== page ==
Counter-attacks are used after a successful parry. While most fencers starting out will parry and return or attack and return, a skilled fencer will counter after parrying. Below are a list of counter attacks and their uses.
- Flick-The flick is an anomaly among counters. A flick may be used after an attack is parried, or after one parries an attack. A flick is simply a twirl so to speak of the hand and wrist, bringing a point online with an opponent allowing for a thrust and secure kill. Flicking after an attack has been parried is a simple way to break from a parry. Flicking after parrying is slightly different, the motion remains the same, but the idea is to keep control of your opponent’s blade while stepping into the thrust.
- Basic Counter-The basic counter is applied after a successful parry. Once a blade is parried maneuver so your opponent’s blade is out of the way when you strike.
- Evasive Counter-Similar to a basic counter, the evasive counter is simply applied when evading an attack rather than parrying an attack.
In cut-and-thrust there are two non-offensive sides, the regular off-hand, and the Buckler. Both have specific tactics and uses in cut-and-thrust fencing.
The off-hand is used to parry an attack and gain advantage. Traditionally, a fencer fighting with his or her off-hand would be able to grapple an opponent’s arm or blade and take control, but in the aspect of sport, grabbing is illegal. Instead, a blade or arm may be pushed out of the way or controlled, but without grabbing (see figures).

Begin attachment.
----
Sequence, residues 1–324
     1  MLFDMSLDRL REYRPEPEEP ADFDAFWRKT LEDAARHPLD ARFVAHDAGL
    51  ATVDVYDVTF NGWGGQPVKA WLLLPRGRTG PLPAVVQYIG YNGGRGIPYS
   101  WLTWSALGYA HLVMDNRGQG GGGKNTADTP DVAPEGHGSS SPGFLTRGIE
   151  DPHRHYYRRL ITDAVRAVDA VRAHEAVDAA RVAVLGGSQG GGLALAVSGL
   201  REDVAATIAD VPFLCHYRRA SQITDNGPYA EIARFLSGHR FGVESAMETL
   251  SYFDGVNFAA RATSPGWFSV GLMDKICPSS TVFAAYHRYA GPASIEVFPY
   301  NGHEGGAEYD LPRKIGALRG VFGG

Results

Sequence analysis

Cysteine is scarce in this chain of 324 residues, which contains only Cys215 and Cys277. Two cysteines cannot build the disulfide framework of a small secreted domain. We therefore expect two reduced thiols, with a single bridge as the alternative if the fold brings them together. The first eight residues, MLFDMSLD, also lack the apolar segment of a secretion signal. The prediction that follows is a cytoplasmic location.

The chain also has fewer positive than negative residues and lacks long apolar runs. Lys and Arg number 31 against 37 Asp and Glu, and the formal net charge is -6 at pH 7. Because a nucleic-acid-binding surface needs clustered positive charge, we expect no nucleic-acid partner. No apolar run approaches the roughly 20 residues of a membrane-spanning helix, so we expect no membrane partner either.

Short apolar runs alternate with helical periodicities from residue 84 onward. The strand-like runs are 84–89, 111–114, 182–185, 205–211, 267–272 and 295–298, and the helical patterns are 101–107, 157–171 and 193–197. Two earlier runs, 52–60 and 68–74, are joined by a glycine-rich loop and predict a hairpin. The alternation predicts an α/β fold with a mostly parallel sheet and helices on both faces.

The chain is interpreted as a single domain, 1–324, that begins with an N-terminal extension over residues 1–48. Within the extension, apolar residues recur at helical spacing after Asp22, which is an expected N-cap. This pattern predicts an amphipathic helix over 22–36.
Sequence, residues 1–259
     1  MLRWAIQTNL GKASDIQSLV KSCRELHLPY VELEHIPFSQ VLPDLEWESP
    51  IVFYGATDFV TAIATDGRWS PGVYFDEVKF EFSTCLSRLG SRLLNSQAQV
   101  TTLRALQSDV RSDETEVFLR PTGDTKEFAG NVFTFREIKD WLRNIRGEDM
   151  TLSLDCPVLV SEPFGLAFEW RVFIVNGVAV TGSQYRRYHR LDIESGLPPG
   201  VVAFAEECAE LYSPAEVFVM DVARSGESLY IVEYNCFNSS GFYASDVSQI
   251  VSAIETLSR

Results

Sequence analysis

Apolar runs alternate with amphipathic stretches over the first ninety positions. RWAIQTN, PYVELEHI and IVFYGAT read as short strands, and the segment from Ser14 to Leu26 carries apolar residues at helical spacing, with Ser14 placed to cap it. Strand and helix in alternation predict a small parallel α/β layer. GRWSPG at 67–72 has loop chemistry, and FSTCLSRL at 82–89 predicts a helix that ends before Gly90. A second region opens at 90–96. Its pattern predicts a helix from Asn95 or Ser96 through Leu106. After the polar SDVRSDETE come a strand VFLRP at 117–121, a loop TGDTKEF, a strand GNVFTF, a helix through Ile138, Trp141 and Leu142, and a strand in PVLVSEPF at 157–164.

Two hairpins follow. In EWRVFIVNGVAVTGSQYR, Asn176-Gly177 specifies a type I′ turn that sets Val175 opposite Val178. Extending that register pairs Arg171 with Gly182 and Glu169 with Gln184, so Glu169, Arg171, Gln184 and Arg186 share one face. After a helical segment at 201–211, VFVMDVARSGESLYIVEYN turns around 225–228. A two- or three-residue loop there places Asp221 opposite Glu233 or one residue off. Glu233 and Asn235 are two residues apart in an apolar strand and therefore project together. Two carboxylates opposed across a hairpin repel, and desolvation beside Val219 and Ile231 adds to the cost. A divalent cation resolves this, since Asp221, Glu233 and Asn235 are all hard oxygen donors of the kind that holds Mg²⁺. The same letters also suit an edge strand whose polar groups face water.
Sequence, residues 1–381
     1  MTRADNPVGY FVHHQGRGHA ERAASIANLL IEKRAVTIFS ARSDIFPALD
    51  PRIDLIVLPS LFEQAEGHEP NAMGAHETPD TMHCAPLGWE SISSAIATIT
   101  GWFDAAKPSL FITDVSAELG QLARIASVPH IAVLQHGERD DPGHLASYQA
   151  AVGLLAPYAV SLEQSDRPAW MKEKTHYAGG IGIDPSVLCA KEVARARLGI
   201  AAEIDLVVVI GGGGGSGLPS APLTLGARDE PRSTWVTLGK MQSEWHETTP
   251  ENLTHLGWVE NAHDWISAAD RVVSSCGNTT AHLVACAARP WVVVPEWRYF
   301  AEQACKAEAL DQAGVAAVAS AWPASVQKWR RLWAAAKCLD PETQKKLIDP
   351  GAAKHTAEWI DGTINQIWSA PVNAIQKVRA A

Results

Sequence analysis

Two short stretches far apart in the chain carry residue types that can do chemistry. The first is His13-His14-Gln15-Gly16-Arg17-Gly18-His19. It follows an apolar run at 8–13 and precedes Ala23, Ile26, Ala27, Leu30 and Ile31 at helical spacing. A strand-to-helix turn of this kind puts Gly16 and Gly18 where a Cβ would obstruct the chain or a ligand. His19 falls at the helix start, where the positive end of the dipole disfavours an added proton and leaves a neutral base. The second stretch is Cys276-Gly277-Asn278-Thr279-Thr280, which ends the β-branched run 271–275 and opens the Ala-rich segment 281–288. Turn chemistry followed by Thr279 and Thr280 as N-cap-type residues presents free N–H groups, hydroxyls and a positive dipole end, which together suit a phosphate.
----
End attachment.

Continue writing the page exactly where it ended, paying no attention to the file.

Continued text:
The buckler is a small shield often seen and used in renaissance style fencing, it is an effective blocking tool and favored by many. Traditionally a buckler hit (more often referred to as a shield bash) could be used as an effective attack, however for sport it is illegal in cut-and-thrust. Proper use of the Buckler is simply blocking an attack with it, allowing for you to strike at a vulnerable opponent. Added, if you are able to block with the buckler then you are able to counter-attack when your opponent is vulnerable (see figures).
Daggers are the only offensive sides used in cut-and-thrust. While it is preferred to use a sword as your primary attacking weapon, a dagger can be used if you find yourself blade locked, and in close quarters. Aside from that, it acts as an effective parrying weapon. A blade being parried by a dagger, often times opens an opponent for a counter-attack (see figures).